With budgets on the decline but expectations of government remaining appropriately high, every federal leader and front-line employee needs to find new ways of delivering value.
According to the data, innovation across the government, as measured by the views of employees in the annual federal survey, has dropped in each of the last three years.
The indicators of this trend are striking.
Just one-third of federal employees surveyed, for example, said their agency rewards creativity and innovation. And while 90 percent of the employees reported that they are always looking for better ways to do their jobs, only 55 percent felt they are encouraged to do so. In addition, only 41 percent of the respondents felt empowered with respect to work processes and just 47 percent said they were satisfied with their involvement in decisions that affect their work.
Some agencies have fared better than others, with NASA getting the highest Best Places to Work innovation score for large agencies. The Federal Trade Commission was No. 1 among mid-size agencies, while the Surface Transportation Board took top honors for innovation among small agencies.
While bringing about change in the workplace takes time, there are steps you can take to create a positive climate that will foster innovation. Here are some suggestions:
Share a vision. Innovation requires optimism. And the current environment suggests you’ll need to shift employees’ views if you want them to be more innovative and creative. As a starting point, tell your team a story about how a new idea or process improved your organization’s ability to accomplish its mission. Explain what you would like to see the team achieve and talk with them about how to reach that goal.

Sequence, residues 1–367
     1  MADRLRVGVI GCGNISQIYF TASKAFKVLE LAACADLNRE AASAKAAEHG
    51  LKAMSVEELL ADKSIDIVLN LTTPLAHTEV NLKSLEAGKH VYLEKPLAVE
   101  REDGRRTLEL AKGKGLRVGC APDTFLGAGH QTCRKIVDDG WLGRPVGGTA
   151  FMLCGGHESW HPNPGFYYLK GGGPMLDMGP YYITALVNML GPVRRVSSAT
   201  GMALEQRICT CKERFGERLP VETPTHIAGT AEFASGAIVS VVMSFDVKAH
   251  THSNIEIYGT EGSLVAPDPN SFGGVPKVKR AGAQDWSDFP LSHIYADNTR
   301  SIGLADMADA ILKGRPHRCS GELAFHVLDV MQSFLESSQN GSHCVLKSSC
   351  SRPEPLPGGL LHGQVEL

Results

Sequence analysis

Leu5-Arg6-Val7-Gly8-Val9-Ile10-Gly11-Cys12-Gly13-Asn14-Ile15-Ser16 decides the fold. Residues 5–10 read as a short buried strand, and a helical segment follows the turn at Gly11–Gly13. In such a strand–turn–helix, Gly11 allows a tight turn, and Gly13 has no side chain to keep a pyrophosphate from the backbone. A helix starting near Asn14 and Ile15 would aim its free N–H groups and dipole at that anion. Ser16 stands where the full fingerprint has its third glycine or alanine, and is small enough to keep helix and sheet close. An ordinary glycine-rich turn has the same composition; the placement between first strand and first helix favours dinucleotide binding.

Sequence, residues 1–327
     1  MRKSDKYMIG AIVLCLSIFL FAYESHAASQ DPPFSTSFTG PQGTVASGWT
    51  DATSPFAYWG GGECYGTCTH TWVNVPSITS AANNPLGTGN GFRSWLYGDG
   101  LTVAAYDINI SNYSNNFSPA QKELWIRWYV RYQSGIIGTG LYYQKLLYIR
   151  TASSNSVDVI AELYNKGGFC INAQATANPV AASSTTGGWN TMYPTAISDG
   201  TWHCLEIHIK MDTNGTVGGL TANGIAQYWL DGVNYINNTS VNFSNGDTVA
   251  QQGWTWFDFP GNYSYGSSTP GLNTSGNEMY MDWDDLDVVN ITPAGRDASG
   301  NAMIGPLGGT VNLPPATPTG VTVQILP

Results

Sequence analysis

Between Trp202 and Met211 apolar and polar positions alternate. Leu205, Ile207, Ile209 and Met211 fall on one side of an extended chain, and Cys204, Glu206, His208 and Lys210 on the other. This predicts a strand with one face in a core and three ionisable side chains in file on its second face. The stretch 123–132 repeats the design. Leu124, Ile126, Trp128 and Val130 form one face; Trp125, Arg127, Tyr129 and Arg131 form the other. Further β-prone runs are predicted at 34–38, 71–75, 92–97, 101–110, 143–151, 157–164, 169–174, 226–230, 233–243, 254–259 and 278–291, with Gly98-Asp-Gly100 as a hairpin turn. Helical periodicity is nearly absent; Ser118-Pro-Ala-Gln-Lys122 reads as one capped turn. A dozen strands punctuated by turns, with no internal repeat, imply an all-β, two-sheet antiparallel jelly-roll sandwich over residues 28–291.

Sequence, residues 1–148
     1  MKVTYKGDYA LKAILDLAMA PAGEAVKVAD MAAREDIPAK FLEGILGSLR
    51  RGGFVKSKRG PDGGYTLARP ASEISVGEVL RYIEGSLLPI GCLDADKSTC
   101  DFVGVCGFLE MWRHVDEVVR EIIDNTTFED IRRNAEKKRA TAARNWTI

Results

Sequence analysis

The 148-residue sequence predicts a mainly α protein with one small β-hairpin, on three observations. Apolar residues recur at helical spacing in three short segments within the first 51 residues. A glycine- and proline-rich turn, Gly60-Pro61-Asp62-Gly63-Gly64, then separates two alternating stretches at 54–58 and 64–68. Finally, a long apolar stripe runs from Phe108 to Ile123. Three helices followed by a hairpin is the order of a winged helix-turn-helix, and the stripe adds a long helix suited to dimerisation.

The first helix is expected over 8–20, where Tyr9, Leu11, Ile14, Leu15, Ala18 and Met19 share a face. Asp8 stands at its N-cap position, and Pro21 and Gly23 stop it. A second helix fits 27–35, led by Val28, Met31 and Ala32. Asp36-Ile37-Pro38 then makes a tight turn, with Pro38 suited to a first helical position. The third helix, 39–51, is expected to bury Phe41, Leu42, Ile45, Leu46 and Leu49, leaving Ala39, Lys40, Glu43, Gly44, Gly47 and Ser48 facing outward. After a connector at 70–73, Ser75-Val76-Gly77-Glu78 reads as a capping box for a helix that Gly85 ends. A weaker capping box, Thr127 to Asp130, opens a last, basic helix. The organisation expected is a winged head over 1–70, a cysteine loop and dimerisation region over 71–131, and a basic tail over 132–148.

Provide a forum. Discussion forums can improve employees' engagement and their sense of job satisfaction by including them in solving workplace issues. Ask employees directly how they would improve work processes and service delivery. Some agencies use crowd-sourcing technology to solicit ideas. Others devote meetings exclusively to the discussion of new ideas. Create six 10-minute slots and have employees sign up to present.
Build trust and serve as a mentor. If an idea isn’t ready for implementation, don’t shoot it down immediately. Provide constructive feedback and help employees improve the idea. Try asking different questions, such as, “What is missing?” or “What hasn’t been said yet?” Connect employees with others who may offer additional guidance.
Create a process for implementation. Decide which innovations to pursue based on your organization’s priorities and needs, and make sure the ideas can be supported with the necessary resources and technical help. The steps should be laid out in advance, with timetables to meet specific targets and clearly delineated individual responsibilities. Everyone involved should have a clear understanding of the change, why it is important and how it will benefit the organization.
Assess outcomes and reflect. Consider using metrics or employee feedback to evaluate the innovation effort, determine if it is working, and make any adjustments along the way. If the idea falls short, spend time examining what went wrong in order to improve the next project. Be honest about any difficulties or tough decisions.
Recognize employees. At team meetings or at more formal innovation award ceremonies, be sure to highlight the good work and creativity of employees and celebrate your successes. Recognition sends a positive message to team members that their ideas and efforts matter.
I encourage you to share your ideas or experiences on innovation in the federal workplace by posting a comment below or sending an e-mail to email@example.com.
Tom Fox, a guest writer for On Leadership, is vice president for leadership and innovation at the nonprofit Partnership for Public Service. He also heads the Partnership’s Center for Government Leadership.
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